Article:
In those ten years, my job has fundamentally changed four times and I’ve held six different job titles. I’ve seen colleagues come – go – and come back again (we call them rePETErs). Clients too, including at the time, our largest – left and returned again. We’ve had growth spurts and setbacks, building and rebuilding. Won and lost awards, pitches, arguments! I’ve been incredibly fortunate to mentor people into fantastic careers, with PETERMAYER and elsewhere. And to support their whole lives through having children, buying their first homes, and experiencing loss. My own kids grew up and are adults authoring their own life stories now.

I’ve led through cultural and business impacts that have repercussions on us all. Three US presidents. Same-sex marriage was legalized. #MeToo, #BlackLivesMatter, #OscarsSoWhite, and any number of other movements and moments that have refocused on DEI in business and society. Digital transformation through every aspect of our lives, giving rise to career opportunities in e-commerce and the gig work that has changed our industry and the fundamental makeup of what we call “career.” The rise of streaming services. A global pandemic and with it, global supply chain disruption. Hurricane evacuations and recoveries. And some murder hornets tossed in there. And new things to learn – and abandon, it seems – nearly every year. The Metaverse. Cryptocurrency. X. AI.

The biggest change of all? I believe we’re witnessing a fundamental shift in the attitude of people toward work. That is a big, broad tapestry affecting every sector. In the ad industry, we were the white-hot center of unpaid overtime, unpaid internships, the celebration of workaholism. According to Ericsson’s “10,000 Hour Rule,” it does take time to achieve mastery at a skill, so the investment of sheer time isn’t without its merits. And honestly, I loved every moment. Advertising is a passion-based industry, and if you do find your passion there, there’s a pilot light always on that is searching for that next idea, insight, or connection.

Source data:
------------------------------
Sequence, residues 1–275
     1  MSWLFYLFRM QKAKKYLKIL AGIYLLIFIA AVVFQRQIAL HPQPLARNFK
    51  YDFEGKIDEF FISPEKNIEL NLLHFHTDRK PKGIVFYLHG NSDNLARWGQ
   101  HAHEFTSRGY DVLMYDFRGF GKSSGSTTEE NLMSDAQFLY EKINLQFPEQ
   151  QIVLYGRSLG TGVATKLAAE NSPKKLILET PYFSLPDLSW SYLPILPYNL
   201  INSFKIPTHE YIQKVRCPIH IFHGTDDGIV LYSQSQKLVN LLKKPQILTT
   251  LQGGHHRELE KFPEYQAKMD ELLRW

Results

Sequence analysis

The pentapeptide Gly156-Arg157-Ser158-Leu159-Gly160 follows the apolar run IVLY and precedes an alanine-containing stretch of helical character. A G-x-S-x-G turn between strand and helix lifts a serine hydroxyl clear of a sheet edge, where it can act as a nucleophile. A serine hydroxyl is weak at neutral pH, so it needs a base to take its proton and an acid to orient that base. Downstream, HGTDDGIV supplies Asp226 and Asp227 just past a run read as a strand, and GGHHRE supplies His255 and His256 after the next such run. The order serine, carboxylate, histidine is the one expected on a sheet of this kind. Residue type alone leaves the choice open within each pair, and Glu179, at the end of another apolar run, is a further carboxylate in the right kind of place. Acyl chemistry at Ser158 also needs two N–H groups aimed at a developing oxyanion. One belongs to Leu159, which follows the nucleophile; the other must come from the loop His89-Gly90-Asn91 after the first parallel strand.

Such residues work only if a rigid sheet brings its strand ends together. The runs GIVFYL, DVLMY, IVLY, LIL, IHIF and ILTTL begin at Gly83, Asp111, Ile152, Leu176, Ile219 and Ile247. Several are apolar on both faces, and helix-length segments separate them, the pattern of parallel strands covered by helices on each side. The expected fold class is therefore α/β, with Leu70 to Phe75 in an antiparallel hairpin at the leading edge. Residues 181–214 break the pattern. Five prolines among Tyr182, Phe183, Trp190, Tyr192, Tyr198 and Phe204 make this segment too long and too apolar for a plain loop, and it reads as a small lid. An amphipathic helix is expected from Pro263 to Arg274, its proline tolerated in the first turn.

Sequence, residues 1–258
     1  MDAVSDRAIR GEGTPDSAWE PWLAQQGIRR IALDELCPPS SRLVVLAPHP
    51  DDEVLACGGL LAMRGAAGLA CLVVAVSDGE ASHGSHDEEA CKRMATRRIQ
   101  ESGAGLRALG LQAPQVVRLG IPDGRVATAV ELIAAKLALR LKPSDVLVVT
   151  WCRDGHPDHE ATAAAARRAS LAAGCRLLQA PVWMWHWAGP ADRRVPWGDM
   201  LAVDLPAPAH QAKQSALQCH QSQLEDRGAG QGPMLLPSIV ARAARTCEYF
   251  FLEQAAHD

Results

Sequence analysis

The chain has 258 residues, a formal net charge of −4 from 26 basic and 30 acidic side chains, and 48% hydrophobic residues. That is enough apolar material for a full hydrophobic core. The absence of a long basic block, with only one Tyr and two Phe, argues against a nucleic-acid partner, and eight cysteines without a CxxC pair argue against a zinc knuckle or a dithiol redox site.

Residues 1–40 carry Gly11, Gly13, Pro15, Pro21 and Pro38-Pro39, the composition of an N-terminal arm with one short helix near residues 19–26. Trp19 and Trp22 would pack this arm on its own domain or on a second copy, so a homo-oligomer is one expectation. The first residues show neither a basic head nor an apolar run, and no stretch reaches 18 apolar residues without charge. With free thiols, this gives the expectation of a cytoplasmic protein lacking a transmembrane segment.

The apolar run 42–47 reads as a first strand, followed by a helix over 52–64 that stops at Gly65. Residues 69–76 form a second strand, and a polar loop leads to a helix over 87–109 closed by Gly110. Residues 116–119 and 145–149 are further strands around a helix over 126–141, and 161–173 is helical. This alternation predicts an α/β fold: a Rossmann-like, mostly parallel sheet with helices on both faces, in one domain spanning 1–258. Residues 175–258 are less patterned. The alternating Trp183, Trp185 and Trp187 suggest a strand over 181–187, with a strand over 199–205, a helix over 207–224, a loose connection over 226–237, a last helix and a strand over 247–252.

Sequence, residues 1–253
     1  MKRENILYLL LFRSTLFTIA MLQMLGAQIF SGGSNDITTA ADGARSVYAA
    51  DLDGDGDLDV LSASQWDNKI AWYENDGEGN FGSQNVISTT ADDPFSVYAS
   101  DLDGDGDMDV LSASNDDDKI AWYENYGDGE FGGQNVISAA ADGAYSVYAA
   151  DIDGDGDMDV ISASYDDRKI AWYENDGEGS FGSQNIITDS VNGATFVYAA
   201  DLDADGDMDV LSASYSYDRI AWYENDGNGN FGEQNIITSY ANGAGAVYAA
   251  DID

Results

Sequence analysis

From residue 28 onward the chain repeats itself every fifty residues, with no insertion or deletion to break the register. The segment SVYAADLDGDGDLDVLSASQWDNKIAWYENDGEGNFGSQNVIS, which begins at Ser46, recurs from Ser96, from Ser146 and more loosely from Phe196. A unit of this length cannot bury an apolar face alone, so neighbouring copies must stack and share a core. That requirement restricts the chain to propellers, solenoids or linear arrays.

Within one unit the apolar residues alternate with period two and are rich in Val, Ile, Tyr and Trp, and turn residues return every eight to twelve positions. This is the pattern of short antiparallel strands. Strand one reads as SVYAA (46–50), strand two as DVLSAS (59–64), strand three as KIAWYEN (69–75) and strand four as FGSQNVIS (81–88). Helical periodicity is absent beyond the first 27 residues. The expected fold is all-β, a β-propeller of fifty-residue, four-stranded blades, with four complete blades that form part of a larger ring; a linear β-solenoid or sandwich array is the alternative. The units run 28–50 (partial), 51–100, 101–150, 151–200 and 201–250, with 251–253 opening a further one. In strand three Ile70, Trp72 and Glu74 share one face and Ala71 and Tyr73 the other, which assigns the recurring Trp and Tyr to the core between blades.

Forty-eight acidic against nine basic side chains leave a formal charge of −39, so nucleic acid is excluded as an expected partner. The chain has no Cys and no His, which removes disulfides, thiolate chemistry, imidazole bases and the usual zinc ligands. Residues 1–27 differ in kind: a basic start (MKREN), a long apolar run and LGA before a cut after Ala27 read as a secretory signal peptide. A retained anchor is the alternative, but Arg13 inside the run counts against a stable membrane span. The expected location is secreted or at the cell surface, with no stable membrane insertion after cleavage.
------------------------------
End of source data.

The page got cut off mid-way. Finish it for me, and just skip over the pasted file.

But now, our live-to-work ethic of the past doesn’t stack up. People value their whole lives, and don’t want an overbalance of work. The words “job”, “career”, “work”, “weekday” have changed. Ghosting. Minimal Mondays. Four-day work weeks. Quiet quitting. Much of what we hear about work culture is negative. For the first time, we are talking about mental health at work.

My biggest learning in the last ten years? There is no playbook for managing through the issues we now face as leaders. Applying models of the past won’t achieve the results we’re after for the future. We’re faced with the imperative to reinvent, and this time, no one-size-fits-all management consultant can help us. This isn’t about process or product, it’s about people. Individuals, even.

I’ve learned that I need to connect people to work, and teach that practice to other senior managers. We need to earn passion. It’s something I’ve called leading with love.

It’s intensely personal and requires investment in each one of the folks we work with. It’s not “servant leadership”– it’s mutualism. We work to know each person who works here and support their continually changing and evolving needs through their whole life. And they work to know us, attach to the values and purpose of the company, and learn to deliver through that lens. If we get it right, we get the attachment, empathy, and ride-or-die ties that feel like love. It’s incredibly time consuming and vulnerable. But it’s the job.

I’m grateful for the last 10 years and to work at a place that continues to teach me, and that gives me the opportunity to make opportunity for so many others.

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